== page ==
Could the next pope hail from Africa or Asia?
By Stefano Esposito and Anna Heling Staff Reporters February 11, 2013 7:02PM
(FILES) This recent file picture taken on February 6, 2013 at the Paul VI hall at the Vatican shows Pope Benedict XVI arriving for the weekly general audience. The Vatican spokesman announced that Pope says he will resign on February 28. AFP PHOTO / FILES / VINCENZO PINTOVINCENZO PINTO/AFP/Getty Images
Updated: March 13, 2013 6:31AM
The top candidates for the next pope must include black and brown faces — and come from countries in the developing world, where the Catholic Church is booming, according to the conventional wisdom.
But like the Vatican’s centuries-old and cloistered election process itself, the matter is infinitely more complicated, say several Chicago-area experts.
“And that’s why Catholics believe the Holy Spirit will guide [the cardinals],” said Peter Casarella, director of the Center for World Catholicism and Intercultural Theology at DePaul University. “It’s hard. It’s not an easy job.”
The tricky mission awaiting the College of Cardinals when it convenes in Rome to elect a new pontiff is to choose one who appeals both to the growing masses in Africa, Latin America and Asia, as well as to some Western followers who question the relevancy of their faith, experts say. So who’s in the running?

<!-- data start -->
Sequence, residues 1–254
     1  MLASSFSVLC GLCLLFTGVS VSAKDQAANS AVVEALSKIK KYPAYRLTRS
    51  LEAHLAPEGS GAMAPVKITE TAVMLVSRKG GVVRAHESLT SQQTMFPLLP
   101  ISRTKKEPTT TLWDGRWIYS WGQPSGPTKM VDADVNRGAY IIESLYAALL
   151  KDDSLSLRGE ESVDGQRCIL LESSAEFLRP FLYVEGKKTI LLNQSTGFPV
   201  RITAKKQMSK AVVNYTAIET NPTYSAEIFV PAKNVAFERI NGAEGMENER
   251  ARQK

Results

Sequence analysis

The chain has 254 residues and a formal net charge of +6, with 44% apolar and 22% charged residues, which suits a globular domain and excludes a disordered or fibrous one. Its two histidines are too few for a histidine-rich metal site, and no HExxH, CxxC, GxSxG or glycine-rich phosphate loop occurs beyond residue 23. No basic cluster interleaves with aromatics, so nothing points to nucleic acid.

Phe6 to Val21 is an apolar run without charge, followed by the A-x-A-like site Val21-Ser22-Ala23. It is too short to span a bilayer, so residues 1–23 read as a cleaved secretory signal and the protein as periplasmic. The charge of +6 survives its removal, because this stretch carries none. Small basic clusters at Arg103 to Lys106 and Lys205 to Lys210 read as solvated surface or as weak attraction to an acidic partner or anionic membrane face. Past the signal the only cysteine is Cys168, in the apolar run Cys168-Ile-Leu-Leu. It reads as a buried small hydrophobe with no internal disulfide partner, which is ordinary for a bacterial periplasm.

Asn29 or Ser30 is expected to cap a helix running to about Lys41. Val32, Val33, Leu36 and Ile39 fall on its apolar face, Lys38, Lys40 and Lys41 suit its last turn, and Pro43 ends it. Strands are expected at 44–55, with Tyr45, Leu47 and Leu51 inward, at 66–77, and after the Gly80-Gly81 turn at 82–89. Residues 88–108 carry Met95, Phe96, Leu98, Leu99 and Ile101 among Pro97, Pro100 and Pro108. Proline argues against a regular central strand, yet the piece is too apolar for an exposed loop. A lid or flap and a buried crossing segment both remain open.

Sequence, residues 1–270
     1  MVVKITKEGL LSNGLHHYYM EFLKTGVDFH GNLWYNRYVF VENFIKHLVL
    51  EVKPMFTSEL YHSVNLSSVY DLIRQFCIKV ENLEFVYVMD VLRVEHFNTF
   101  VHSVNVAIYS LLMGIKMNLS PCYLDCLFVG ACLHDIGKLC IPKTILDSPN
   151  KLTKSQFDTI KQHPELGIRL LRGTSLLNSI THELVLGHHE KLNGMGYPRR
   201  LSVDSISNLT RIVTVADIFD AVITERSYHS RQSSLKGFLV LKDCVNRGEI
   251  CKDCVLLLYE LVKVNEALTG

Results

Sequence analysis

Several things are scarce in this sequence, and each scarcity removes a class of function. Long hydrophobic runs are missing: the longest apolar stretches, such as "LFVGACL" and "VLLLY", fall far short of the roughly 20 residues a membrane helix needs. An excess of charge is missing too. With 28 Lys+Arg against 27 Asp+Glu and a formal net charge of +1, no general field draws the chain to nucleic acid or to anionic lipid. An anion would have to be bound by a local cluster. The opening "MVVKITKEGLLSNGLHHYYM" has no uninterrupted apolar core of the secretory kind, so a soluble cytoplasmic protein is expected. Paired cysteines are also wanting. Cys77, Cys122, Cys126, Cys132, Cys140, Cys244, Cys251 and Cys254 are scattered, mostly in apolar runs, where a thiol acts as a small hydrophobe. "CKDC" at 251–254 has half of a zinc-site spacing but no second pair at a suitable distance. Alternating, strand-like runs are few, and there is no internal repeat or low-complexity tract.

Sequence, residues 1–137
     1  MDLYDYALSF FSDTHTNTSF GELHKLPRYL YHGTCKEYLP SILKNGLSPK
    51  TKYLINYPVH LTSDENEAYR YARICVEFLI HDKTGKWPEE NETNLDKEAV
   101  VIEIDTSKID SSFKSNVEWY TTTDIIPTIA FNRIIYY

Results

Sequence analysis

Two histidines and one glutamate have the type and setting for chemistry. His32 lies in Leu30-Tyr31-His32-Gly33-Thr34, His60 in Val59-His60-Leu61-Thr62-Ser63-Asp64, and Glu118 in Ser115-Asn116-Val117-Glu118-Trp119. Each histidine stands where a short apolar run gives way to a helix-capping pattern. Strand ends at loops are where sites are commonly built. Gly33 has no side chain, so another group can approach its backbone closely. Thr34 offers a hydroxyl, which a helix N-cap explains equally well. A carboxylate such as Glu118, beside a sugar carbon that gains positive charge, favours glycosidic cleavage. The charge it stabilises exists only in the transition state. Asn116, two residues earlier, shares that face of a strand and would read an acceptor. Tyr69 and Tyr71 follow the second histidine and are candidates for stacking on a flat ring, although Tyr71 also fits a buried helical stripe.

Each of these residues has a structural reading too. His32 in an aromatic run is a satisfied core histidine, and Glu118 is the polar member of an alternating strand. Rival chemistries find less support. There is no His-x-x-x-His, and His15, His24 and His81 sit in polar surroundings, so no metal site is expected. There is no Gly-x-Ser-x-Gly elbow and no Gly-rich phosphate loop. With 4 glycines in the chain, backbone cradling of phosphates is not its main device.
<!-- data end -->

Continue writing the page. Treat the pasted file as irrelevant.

“It’s probably too early to do a lot of handicapping — it’s too early to start sizing up the horse race,” said Ralph Keen, a professor of Catholic studies and history at UIC. “There are going to be dark horses.”
Nonetheless, Cardinal Peter Turkson of Ghana and Cardinal Luis Antonio Tagle of Manila in the Philippines are on many shortlists.
“I think it’s Turkson,” predicted Michael Murphy, director of Loyola University’s Catholic Studies program. “Turkson is attractive because [of] his job right now . . . [on]the Pontifical Council for Justice and Peace. Those types of themes in the church and having that type of expertise in this day and age are going to be very attractive. I think the church is ready for an African pope.”
Casarella says he understands why Tagle could be the next pope.
“I wouldn’t say he’s my front-runner — I don’t have a front-runner,” Casarella said. “He represents one of the largest dioceses in the world. He’s very charismatic. He blogs and tweets. . . . But he also deals with the question of the renewal of faith and the need to keep a strong faith.”
Though few are absolutely ruling out the possibility of the election of the first American pope, it appears unlikely it would be Cardinal Francis George.
“Given the current pope’s age and his reason for stepping down, they will be looking for someone younger and more vigorous. . . .” Keen said.
Contributing: Mitch Dudek